Pharmacies, federal facilities, and outsourcing facilities are covered by this policy guidance when they mix, dilute, or repackage biological products outside the scope of the product's BLA according to the product's approved labeling. The FDA uses the terms "mixing, diluting, and repackaging" to describe distinct sets of activities, and the way that the FDA defines these terms could be determinative as to whether the guidance applies to your facility. For purposes of the guidance, the FDA has adopted the following definitions:
- "Mixing" means combining an FDA-licensed biological product with one or more ingredients.
- "Repackaging" means taking a licensed biological product from the container in which it was distributed by the original manufacturer and placing it into a different container without further manipulation of the product.
However, these activities do not include the mixing or diluting of a biological product at the point of care for immediate administration to a single patient after receipt of a patient-specific prescription or order for that patient. Similarly, the FDA does not consider the removal of a biological product from the original container for this purpose to be "repacking" the biologic.
When a pharmacy, federal facility, or outsourcing facility engages in mixing, diluting, or repackaging a licensed biological product according to the description of these activities provided above, the FDA does not intend to take action for violations of Section 351 of the PHS Act or Sections 502(f)(1) or 501(a)(2)(B) of the FD&C Act when a fairly extensive list of conditions are met. A selection of these conditions are provided below:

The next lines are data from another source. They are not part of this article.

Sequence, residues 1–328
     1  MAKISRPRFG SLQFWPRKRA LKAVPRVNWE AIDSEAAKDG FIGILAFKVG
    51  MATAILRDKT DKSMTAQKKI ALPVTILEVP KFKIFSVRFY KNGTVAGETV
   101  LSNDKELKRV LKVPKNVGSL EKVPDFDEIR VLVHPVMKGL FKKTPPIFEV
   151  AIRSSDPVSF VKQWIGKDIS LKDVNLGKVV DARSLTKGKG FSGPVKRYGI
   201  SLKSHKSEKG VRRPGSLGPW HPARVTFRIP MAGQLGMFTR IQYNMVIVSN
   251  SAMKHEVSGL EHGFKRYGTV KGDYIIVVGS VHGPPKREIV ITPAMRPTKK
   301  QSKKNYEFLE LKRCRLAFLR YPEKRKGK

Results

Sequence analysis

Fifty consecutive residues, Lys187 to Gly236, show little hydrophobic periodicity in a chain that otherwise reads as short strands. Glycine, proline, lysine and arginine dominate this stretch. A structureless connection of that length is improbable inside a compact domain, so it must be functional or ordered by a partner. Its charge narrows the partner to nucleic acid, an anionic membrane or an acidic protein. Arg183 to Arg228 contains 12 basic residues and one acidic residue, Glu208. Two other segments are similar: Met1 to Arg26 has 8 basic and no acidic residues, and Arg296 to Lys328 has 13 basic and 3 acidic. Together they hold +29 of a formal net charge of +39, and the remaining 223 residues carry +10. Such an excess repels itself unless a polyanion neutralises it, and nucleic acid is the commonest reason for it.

- The biological product that is mixed, diluted, or repackaged is an FDA-licensed biological product, not a biological product licensed for further manufacturing use only or a bulk drug substance.
- If the biological product is mixed, diluted, or repackaged in a state-licensed pharmacy or a federal facility (but not an outsourcing facility), it is mixed, diluted, or repackaged after (a) the receipt of a valid prescription for an identified, individual patient directly from the prescribing practitioner, patient, or patient's agent; or (b) a written order in a patient's chart in a health care setting, unless it is mixed, diluted, or repackage (but not distributed) in advance of receipt of such a prescription or a written order in a patient's chart in a quantity that does not exceed the expected demand for the biological product within the beyond use date (BUD) on the product, based on a history of receipt of prescriptions or orders for such a biological product for that time period.
- The biological product is mixed, diluted, or repackaged by or under the direct supervision of a licensed pharmacist.
- Except as permitted for a single dose vial, the biological product is mixed, diluted, or repackaged in a way that does not conflict with the approved labeling for the licensed biological product.
- The biological product is not sold or transferred by an entity other than the entity that mixed, diluted, or repackaged the biological product. A sale or transfer does not include administration of a biological product in a health care setting.
Please note that the FDA will not, under any conditions, permit facilities to mix, dilute, or repackage cell therapy products, gene therapy products, or vaccines outside the scope of the product's approved BLA. Therefore, these products must only be prepared and, if applicable to that product's use, repackaged under an approved BLA.
Furthermore, the conditions outlined above are far from exhaustive. Clients should seek additional information from the draft guidance or by contacting a Quarles & Brady attorney. Public comment on the draft guidance will close on May 20, 2015.
Adverse Event Reporting for Outsourcing Facilities